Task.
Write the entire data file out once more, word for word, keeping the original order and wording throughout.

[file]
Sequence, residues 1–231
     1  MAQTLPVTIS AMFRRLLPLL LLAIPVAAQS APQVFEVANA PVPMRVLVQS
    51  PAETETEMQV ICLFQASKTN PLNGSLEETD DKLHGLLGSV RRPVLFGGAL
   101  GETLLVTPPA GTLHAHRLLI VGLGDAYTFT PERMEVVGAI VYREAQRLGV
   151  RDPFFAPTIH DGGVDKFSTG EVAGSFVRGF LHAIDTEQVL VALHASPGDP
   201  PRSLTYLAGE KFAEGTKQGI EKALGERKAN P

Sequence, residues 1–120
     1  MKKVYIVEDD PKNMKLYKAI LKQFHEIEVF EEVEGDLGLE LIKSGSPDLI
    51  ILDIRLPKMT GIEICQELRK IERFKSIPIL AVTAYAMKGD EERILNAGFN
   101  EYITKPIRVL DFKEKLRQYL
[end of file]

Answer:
Sequence, residues 1–231
     1  MAQTLPVTIS AMFRRLLPLL LLAIPVAAQS APQVFEVANA PVPMRVLVQS
    51  PAETETEMQV ICLFQASKTN PLNGSLEETD DKLHGLLGSV RRPVLFGGAL
   101  GETLLVTPPA GTLHAHRLLI VGLGDAYTFT PERMEVVGAI VYREAQRLGV
   151  RDPFFAPTIH DGGVDKFSTG EVAGSFVRGF LHAIDTEQVL VALHASPGDP
   201  PRSLTYLAGE KFAEGTKQGI EKALGERKAN P

Sequence, residues 1–120
     1  MKKVYIVEDD PKNMKLYKAI LKQFHEIEVF EEVEGDLGLE LIKSGSPDLI
    51  ILDIRLPKMT GIEICQELRK IERFKSIPIL AVTAYAMKGD EERILNAGFN
   101  EYITKPIRVL DFKEKLRQYL